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This week, basketball fans witnessed the odd spectacle of a coach complaining that a foul was not called on his player.

In context, in sort of made sense. Spurs star Kawhi Leonard tried to foul the Thunder’s Russell Westbrook in the closing seconds of the fifth game of their playoff series. The Spurs trailed, and if they fouled Westbrook, they would regain possession and have a chance to tie the game. In this case, despite Leonard’s mugging of Westbrook, no foul was called (and Westbrook scored on the play). After the game, Spurs coach Gregg Popovich groused the call was “pretty obvious.”

Fouling for possession at the end of the game has become so routine that we don’t consider the strangeness of the ritual.

Consider the purpose of the foul in the structure of basketball. The game is, ostensibly, not a contact sport. Given human nature, play can get rough. Fouls are in place to regulate the violent impulses of players. And generally, defensive players try not to foul—or try not to be called for fouling, a difference—and complain when they are. The offensive player then goes on to take one, two or three free throws, depending on the game situation

But after the free throws, the offensive team surrenders the ball, whether they score or not. And that quirk of the rules is exploited at the end of games, when coaches hedge that regaining possession is worth more than the chance that the other team scores. As a result, the last minute of any close NBA game is gummed up by a procession of fouls, free throws, times outs and more fouls.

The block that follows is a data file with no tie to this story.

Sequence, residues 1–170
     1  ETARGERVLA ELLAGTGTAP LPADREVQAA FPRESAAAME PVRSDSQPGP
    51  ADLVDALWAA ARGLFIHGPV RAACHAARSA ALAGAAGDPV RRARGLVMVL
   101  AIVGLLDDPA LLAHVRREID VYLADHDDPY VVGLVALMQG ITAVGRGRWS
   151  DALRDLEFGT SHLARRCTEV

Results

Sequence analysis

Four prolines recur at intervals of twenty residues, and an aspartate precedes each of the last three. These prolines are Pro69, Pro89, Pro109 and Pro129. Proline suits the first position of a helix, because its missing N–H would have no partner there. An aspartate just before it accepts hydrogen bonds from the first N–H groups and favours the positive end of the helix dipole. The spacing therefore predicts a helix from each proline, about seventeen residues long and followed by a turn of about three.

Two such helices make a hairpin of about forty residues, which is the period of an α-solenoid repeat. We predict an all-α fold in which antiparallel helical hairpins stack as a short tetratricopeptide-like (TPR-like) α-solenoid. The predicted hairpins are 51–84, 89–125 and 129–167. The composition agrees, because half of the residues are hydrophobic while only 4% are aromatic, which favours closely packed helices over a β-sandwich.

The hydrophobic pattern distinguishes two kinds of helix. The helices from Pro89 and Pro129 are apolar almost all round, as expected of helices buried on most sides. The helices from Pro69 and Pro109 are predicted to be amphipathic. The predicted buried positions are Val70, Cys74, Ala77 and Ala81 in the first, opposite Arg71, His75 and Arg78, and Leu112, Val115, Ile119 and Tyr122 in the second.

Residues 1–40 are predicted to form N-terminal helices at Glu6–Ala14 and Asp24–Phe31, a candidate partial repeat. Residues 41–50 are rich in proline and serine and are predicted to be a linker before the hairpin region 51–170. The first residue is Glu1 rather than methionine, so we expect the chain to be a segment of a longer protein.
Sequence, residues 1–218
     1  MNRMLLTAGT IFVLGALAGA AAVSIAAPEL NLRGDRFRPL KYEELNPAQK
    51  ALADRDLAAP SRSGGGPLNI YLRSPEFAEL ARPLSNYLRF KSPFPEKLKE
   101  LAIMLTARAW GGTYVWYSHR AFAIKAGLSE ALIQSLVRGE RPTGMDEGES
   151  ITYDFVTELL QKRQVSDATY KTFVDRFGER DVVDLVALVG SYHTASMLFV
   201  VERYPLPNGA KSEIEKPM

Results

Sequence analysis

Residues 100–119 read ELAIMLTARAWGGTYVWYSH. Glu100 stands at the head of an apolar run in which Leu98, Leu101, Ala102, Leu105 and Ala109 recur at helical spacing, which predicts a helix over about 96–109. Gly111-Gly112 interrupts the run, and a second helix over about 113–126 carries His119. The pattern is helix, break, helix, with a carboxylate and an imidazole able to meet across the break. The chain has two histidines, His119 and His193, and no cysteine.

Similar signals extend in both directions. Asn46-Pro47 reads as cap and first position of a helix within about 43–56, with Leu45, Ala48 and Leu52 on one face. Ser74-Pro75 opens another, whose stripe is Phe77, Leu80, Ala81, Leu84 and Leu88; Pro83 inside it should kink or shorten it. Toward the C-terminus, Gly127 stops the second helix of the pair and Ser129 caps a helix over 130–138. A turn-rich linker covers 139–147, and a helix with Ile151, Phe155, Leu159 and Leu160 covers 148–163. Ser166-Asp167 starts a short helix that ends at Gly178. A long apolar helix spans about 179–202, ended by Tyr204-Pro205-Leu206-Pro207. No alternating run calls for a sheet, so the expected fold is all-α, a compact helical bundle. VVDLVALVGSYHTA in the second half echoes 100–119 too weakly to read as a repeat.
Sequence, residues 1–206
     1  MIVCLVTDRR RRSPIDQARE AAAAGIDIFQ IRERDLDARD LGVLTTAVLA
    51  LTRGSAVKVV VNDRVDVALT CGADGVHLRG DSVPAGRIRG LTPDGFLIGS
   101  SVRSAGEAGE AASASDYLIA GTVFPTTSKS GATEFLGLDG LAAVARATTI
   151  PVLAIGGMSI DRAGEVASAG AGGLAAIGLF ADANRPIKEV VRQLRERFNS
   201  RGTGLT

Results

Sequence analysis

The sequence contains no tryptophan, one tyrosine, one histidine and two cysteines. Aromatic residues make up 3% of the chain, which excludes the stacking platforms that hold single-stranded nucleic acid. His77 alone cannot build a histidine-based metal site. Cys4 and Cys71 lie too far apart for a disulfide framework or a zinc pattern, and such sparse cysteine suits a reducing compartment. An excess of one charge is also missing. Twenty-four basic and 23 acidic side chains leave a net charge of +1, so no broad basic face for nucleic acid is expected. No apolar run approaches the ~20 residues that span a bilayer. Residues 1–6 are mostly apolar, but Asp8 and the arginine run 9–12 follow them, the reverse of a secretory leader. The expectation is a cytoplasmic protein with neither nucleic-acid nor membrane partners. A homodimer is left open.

It’s not just an aesthetic problem, though, but a distortion of the game. It’s hard to imagine this was envisioned in 1924, when the rule establishing that the fouled player take the free throws was first established.

The exploitation of the rule follows the law of unintended consequences, an economics principle that holds that actions of people—and especially of government—always have effects that are unanticipated.

In the real world, my libertarian instincts are tempered by the knowledge that power is asymmetrical, and people and institutions that hold it will take advantage of those without it, unless their are rules to hold them in check.

In sports, however, where the playing field is (literally and figuratively) even, I’m much more laissez-faire. Sports should have as few rules as necessary to protect the integrity of the game and the safety of players, and they shouldn’t be tinkered with to correct some new wrinkle in strategy. I hated the illegal defense rule in basketball, think picks should be legal in the NFL and cringe at the idea of banning the shift in baseball.

In the case here, the losing team is relying on a loophole in the foul rule to do something they can’t through skill or defensive strategy: regain possession. By closing the loophole teams would be forced to steal the ball or get it back through a defensive rebound. In all likelihood, the team with the lead would keep it, just as they do now, but the games would end faster.

Fouls in basketball serve a necessary purpose, and getting rid of them all to restore sanity at the end of the game makes no sense. One option would be to give referees discretion about when they call them, and if the player is clearly fouling t regain possession, they could ignore it. But that puts even more control in the hands of the imperfect refs, and could give players incentive to commit rougher fouls in order to get them called.

Unfortunately, I think the solution is another rule: Any foul committed in the last minute of the game results in four free throws (or, if they’re not in the bonus, a two-and-one-and-one). By increasing the penalty for fouling, the calculus for coaches and players would shift. Fouling for possession would no longer be the default strategy, but one weighed against the cost.

I’m not fixed on the details. Maybe the number of free throws should be three, or five. Maybe it goes into effect with 90 seconds left, or 45. But it would be a clear improvement over the current end of game drudgery.